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Theory behind Integral Test with Riemann Sums

  1. Apr 1, 2012 #1
    1. The problem statement, all variables and given/known data
    I've seen two methods that prove the integral test for convergence, but I fear they contradict each other. Each method uses an improper integral where the function f(x) is positive, decreasing, and continuous and f(x) = an. What confuses me is one method starts off the riemann sums at n = 1 and makes them all circumscribed rectangles - which make sense to me. The other method starts off the riemann sums at n = 0 and makes them all inscribed rectangles. Can anybody explain to me why each one of these work? Is one right and the other one wrong?

    2. Relevant equations



    3. The attempt at a solution
    I've reviewed riemann sums in general, but I'm confused as to why two different methods are used in the theory behind the integral test.
     
    Last edited: Apr 1, 2012
  2. jcsd
  3. Apr 1, 2012 #2
    Re: Use a Partial Sum to Estimate a Series with an Error of Less Than 0.001

    Just fixed the title
     
  4. Apr 1, 2012 #3

    Office_Shredder

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    They prove opposite parts of the integral test. When you do a left Riemann sum you get a Riemann sum which overestimates the area - so if the integral diverges (infinite area), the Riemann sum must diverge as well. And if the Riemann sum converges (finite area under the rectangles) the integral must converge as well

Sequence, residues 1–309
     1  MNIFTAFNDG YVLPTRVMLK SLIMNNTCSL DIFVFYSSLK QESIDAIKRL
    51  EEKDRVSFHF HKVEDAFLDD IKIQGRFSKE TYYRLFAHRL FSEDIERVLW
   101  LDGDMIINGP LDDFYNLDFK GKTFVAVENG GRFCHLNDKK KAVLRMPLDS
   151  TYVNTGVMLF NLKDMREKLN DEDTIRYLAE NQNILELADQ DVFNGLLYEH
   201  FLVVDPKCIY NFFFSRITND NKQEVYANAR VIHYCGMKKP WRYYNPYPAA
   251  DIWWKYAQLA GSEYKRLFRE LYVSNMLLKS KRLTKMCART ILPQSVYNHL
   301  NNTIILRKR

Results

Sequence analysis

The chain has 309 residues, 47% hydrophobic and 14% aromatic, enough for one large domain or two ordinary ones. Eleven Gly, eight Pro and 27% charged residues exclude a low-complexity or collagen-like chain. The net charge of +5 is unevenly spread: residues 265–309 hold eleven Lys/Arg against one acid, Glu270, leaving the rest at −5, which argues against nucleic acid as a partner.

On the other hand, if you do a right Riemann sum you get an underestimate for the area under the graph of the function. So if the integral converges (finite area under the graph) you must have a finite Riemann sum as well. And if the Riemann sum diverges, the integral diverges as well.

    Since both Riemann sums are the exact same except for the first term of the series, this shows that the series and the integral either both diverge or both converge, you can't have one do one and one do the other
     
  5. Apr 1, 2012 #4
    I see what you mean, but the two sequences I stated above both start off at n = 1. I understand the idea of shifting and changing the index, but the index stays the same. One source makes the rectangles circumscribed at n = 1 whereas the other makes them inscribed at n = 1. That's pretty much what confuses me.
     
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